Sometimes though, history just isn’t enough to keep the attention of children.  Therefore, a parent must be resourceful by always keeping an “ace-in-the-hole.”  Mine was the always proper, but sometimes unpopular – spiders, snakes and other creepy-crawly things.  Being home to over two-dozen different species of amphibians, fish, and reptile; one needs only to take the time to stop, look, and listen in order to discover one or more of these small mountain residents.  Many casts have I made from the shores of the Little Naches River in the hopes of doing battle with the great Oncorhynchus tshawytscha (King Chinook Salmon), and many are the times as a youth did I relentlessly pursue the Eumeces skiltonianus (Western Skink).

And what forest would be complete without its mammalian cast?  Although they primarily inhabit the most isolated regions of the forest, one may be fortunate enough to occasionally encounter (hopefully at a distance) one of the more majestic rulers of the forest kingdom.  Lions – of the mountain type, and bears – black in variety (although those of a “grizzled” nature have been spotted on rare occasion) freely roam this area of the Cascade Range.

 Although chance meetings with these creatures are extremely rare, bear in mind (no pun intended) these are wild animals.   Let common sense be your guide whenever hiking the back woods trails, or even sitting around the campfire.  But don’t be discouraged if you fail to see one of the larger forest creatures, there are numerous smaller varieties of “furry friends” to fill your photo pages with.  From cuddly raccoons, porcupines and beavers, to horrendously hideous mice, rats, bats, and voles, you’ll have plenty of stories to take back home.  These are just a few of the many pleasures of nature that are bestowed upon those who take a moment to notice.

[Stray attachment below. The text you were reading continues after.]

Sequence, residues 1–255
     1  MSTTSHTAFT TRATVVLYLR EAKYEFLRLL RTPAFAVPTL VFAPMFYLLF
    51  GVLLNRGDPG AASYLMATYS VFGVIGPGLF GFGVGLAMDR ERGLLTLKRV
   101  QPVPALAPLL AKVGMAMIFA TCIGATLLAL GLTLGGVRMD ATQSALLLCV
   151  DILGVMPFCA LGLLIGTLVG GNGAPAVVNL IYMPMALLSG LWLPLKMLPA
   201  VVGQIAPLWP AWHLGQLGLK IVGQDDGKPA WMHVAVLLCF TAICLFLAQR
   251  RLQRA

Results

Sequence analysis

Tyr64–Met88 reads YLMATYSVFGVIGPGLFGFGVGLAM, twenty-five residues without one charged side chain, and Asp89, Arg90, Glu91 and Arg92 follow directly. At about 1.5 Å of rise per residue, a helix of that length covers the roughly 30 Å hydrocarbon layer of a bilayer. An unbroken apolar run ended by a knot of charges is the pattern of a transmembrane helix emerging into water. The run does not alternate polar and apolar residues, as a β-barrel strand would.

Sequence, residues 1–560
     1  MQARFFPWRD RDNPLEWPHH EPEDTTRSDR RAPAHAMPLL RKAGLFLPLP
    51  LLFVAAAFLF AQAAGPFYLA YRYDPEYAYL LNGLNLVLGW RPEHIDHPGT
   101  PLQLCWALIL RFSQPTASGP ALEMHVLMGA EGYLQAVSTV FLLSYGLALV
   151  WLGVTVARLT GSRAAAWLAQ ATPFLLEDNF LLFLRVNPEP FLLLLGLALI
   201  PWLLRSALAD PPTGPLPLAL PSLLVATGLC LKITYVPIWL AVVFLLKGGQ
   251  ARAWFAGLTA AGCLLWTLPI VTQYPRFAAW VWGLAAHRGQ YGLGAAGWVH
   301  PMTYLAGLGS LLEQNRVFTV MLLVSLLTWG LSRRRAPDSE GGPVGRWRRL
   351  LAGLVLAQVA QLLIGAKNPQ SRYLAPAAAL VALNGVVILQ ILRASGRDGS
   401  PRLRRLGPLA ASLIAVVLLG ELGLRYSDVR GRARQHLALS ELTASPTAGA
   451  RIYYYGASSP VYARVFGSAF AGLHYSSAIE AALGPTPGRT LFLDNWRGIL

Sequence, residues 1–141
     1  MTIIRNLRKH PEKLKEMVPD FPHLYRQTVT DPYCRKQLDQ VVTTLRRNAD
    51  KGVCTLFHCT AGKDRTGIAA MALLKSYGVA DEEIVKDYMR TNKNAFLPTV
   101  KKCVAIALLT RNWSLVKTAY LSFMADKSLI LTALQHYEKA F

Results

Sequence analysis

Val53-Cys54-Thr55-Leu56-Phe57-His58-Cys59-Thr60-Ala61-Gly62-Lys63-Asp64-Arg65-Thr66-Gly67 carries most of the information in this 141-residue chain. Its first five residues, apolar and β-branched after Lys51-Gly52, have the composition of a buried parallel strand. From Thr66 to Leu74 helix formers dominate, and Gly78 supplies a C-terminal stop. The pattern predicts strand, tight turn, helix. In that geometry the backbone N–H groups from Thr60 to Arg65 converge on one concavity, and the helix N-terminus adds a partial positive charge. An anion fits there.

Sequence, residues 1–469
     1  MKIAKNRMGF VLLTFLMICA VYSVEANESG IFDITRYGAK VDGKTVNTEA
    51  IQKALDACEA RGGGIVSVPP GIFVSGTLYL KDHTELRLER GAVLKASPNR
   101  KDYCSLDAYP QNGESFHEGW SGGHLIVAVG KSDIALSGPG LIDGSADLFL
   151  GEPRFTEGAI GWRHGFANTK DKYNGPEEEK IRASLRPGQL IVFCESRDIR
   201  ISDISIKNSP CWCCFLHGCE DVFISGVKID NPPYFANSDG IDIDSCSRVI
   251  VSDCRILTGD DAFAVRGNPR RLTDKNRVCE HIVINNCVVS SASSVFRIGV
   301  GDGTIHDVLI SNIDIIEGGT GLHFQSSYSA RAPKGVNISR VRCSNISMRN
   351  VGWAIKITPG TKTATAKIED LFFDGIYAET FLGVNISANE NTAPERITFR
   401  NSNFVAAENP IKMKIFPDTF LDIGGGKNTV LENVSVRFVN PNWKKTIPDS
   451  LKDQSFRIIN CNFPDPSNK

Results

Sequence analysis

Upon arrival at our destination, we set up base camp in the meadow at the bottom of the mountain. Then shouldering our packs, we armed ourselves with walking sticks and tick repellent (which doesn’t seem especially bad for this time of year).  Our rag-tag army was ready to set forth on our expedition.

 When performing a mundanely automatic task such as walking, it’s not so much the big things you notice, but rather the small.  Halfway up our metronomic ascent of this crag, I paused to rest under the tallness of a Ponderosa Pine.  Jigsaw pieces of bark lay at the base of this 200-year old pinnacle.  Lost in thought somewhere between yesterday and tomorrow, I was experiencing my own version of a “mountain high.”  Some say it is because the air is so clean and pure, others say the “thinness” of diminished volume of oxygen due to the elevation is the catalyst for these euphoric episodes.